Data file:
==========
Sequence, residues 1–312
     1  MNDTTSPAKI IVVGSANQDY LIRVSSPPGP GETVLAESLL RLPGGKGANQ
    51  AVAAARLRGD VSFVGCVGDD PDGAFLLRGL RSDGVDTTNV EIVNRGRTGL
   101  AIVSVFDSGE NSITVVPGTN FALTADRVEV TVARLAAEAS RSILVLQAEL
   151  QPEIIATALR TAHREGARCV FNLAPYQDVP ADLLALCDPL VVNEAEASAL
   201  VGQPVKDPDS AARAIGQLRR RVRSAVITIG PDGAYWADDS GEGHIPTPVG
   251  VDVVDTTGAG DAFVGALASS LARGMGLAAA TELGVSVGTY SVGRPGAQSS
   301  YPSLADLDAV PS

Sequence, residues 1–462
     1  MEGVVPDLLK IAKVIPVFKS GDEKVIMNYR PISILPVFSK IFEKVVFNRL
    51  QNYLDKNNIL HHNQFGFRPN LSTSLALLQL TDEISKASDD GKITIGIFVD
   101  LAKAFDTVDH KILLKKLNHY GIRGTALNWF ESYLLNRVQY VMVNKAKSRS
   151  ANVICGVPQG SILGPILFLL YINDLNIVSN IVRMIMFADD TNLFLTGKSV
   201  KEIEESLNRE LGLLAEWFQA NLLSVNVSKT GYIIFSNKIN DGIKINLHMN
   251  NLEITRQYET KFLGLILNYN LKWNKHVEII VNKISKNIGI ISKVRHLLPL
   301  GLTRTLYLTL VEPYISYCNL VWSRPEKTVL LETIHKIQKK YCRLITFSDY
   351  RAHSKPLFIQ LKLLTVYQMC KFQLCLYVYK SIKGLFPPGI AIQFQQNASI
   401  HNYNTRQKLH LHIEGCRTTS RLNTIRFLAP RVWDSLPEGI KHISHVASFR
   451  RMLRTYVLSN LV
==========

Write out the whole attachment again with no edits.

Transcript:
Sequence, residues 1–312
     1  MNDTTSPAKI IVVGSANQDY LIRVSSPPGP GETVLAESLL RLPGGKGANQ
    51  AVAAARLRGD VSFVGCVGDD PDGAFLLRGL RSDGVDTTNV EIVNRGRTGL
   101  AIVSVFDSGE NSITVVPGTN FALTADRVEV TVARLAAEAS RSILVLQAEL
   151  QPEIIATALR TAHREGARCV FNLAPYQDVP ADLLALCDPL VVNEAEASAL
   201  VGQPVKDPDS AARAIGQLRR RVRSAVITIG PDGAYWADDS GEGHIPTPVG
   251  VDVVDTTGAG DAFVGALASS LARGMGLAAA TELGVSVGTY SVGRPGAQSS
   301  YPSLADLDAV PS

Sequence, residues 1–462
     1  MEGVVPDLLK IAKVIPVFKS GDEKVIMNYR PISILPVFSK IFEKVVFNRL
    51  QNYLDKNNIL HHNQFGFRPN LSTSLALLQL TDEISKASDD GKITIGIFVD
   101  LAKAFDTVDH KILLKKLNHY GIRGTALNWF ESYLLNRVQY VMVNKAKSRS
   151  ANVICGVPQG SILGPILFLL YINDLNIVSN IVRMIMFADD TNLFLTGKSV
   201  KEIEESLNRE LGLLAEWFQA NLLSVNVSKT GYIIFSNKIN DGIKINLHMN
   251  NLEITRQYET KFLGLILNYN LKWNKHVEII VNKISKNIGI ISKVRHLLPL
   301  GLTRTLYLTL VEPYISYCNL VWSRPEKTVL LETIHKIQKK YCRLITFSDY
   351  RAHSKPLFIQ LKLLTVYQMC KFQLCLYVYK SIKGLFPPGI AIQFQQNASI
   401  HNYNTRQKLH LHIEGCRTTS RLNTIRFLAP RVWDSLPEGI KHISHVASFR
   451  RMLRTYVLSN LV